Two weeks after being pardoned by Afghan President Hamid Karzai, Gulnaz, who was convicted of adultery after being raped, has been released from jail. It was initially reported that Gulnaz would have to marry her attacker as a condition of her release, but now it seems she won't be forced to go through with it. Though, she's still under tremendous pressure to marry the man to legitimize their daughter and prevent violence from their families.
CNN reports that Gulnaz and her daughter were released from jail on Tuesday night and are now staying in a women's shelter in Kabul. Gulnaz had served two and a half years of a 12 year prison sentence, and her rapist, who is her cousin's husband, is still in jail. Kimberley Motley, Gulnaz's American attorney, tells AFP,
"The million dollar question is whether she is going to marry her attacker. But he has five more years to serve and as far as I know there has never been an Afghan wedding in jail."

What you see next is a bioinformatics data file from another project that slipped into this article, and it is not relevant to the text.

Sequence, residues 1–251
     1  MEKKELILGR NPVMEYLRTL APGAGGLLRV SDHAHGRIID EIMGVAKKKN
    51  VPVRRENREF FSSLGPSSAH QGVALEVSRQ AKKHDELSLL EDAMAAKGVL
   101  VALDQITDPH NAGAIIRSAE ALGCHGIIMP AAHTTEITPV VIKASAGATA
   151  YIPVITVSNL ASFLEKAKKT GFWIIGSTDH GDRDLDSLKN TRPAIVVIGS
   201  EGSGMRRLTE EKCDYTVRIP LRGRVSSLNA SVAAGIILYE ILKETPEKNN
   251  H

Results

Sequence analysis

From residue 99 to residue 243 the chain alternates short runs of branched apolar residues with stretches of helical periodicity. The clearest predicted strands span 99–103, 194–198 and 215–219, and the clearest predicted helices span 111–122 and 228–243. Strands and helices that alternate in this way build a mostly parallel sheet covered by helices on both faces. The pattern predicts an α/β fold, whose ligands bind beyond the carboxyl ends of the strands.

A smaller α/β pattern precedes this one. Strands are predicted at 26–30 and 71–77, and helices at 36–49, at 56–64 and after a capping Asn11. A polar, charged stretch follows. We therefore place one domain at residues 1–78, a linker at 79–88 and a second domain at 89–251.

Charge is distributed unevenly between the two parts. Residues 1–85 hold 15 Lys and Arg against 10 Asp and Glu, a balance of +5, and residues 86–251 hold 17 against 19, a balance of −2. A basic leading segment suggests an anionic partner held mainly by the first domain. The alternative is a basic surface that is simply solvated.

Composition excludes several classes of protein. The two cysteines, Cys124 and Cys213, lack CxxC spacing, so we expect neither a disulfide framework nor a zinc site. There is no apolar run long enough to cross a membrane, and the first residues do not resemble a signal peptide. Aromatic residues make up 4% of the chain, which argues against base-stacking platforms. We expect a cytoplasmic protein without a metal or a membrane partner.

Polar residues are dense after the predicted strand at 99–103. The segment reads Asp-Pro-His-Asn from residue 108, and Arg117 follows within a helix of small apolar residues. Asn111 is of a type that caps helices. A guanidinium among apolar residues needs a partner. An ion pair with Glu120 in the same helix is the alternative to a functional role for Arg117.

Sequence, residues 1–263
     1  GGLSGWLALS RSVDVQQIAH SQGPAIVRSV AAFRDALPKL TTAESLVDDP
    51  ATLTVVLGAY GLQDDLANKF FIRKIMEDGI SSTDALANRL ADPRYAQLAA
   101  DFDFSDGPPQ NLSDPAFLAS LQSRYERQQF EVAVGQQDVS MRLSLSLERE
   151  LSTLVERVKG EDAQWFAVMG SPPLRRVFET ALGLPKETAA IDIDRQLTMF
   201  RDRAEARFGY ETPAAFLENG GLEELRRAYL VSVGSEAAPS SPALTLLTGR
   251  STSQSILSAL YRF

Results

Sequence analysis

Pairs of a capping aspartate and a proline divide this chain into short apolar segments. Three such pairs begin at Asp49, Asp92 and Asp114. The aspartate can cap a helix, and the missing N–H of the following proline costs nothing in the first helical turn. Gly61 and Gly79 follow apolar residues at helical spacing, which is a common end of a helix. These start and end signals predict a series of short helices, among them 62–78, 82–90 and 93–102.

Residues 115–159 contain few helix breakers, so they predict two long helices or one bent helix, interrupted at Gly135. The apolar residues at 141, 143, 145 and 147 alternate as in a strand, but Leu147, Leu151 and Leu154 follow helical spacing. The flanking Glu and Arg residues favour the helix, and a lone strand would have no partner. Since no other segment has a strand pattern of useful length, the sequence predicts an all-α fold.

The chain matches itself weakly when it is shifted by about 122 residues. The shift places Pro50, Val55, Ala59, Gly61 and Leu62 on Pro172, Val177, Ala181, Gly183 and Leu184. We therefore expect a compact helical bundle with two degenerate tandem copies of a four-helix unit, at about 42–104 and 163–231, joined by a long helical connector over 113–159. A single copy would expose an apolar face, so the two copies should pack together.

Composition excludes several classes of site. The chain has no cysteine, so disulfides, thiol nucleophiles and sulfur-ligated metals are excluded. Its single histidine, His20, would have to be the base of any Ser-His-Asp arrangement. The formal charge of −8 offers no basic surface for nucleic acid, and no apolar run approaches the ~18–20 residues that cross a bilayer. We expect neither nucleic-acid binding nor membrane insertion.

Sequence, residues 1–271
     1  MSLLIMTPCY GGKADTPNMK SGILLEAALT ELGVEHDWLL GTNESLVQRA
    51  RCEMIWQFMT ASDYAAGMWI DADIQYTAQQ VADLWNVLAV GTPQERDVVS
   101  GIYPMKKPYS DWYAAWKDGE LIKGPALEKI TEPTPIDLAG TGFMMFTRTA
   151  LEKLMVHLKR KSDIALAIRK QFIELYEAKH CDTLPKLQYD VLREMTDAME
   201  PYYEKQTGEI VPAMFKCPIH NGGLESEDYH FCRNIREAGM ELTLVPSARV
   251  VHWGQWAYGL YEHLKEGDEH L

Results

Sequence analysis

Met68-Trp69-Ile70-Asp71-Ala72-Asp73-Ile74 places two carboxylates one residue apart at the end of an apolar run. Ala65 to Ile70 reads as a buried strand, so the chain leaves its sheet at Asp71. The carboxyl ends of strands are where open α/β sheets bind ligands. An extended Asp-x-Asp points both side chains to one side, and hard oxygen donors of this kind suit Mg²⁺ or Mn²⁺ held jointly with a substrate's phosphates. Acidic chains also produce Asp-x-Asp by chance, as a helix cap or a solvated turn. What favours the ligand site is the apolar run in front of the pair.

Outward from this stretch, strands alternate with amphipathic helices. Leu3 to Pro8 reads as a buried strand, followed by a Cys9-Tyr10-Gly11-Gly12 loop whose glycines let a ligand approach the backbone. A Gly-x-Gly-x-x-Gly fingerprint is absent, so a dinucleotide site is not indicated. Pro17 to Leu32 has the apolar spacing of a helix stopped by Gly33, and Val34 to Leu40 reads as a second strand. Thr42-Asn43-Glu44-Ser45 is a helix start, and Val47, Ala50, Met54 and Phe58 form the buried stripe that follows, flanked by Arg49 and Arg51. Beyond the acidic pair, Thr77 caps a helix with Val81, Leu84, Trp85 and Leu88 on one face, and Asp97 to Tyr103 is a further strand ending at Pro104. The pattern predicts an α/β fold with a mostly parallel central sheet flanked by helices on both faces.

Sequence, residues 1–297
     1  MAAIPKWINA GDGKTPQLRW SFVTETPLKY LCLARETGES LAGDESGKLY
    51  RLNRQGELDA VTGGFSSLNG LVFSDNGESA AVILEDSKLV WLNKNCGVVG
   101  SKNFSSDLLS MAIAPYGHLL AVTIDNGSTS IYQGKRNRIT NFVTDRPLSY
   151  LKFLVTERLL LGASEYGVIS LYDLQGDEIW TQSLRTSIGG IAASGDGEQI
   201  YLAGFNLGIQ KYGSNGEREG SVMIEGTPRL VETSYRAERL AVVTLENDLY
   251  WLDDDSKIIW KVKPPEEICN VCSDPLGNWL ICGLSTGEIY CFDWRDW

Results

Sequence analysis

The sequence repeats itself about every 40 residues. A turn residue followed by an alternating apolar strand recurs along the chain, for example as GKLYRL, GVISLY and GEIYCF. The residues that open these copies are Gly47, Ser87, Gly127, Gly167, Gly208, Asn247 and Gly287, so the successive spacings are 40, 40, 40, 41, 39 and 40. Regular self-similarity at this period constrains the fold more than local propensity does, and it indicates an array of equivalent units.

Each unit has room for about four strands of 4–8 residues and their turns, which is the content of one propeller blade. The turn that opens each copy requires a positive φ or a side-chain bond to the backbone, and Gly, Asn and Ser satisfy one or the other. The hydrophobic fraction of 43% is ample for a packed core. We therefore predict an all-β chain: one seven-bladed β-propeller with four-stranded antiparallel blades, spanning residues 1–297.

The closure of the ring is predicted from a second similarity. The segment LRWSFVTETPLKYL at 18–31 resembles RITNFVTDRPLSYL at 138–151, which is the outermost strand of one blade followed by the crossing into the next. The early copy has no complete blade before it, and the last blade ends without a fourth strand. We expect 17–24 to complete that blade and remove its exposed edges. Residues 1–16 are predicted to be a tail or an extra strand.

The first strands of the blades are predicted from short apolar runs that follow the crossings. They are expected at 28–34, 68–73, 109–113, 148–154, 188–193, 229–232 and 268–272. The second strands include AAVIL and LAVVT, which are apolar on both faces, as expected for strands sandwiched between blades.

She added that Gulnaz was "pretty clear that she did not want to marry her attacker."
Though that seems fairly obvious, earlier Gulnaz had said she'd be willing to marry him to get out of prison. Also, there's fear that if she doesn't marry him when he gets out of prison, her family won't accept her and she could be the victim of a so-called honor killing. From jail, Gulnaz's attacker continued to insist that he didn't rape her, and said her life would probably end if she was freed. It sounds like a threat, but he was actually suggesting that her family would probably kill her for bringing them shame.
In an interview with CNN, Gulnaz says she's happy to be free, and doesn't want to marry her rapist if she doesn't "have to." She says all she wants is to go home and live with her brothers, but it's unclear whether they'll take in her and her daughter. Gulnaz says:
When my brothers used to visit me they would ask me not to bring the child to them because they did not like her. But I always told them she was my daughter and had nothing to do with the man. I love her like I did at the start. I want her to be well educated, and I don't want her to be illiterate. I want her to be a doctor, or anything that she could become.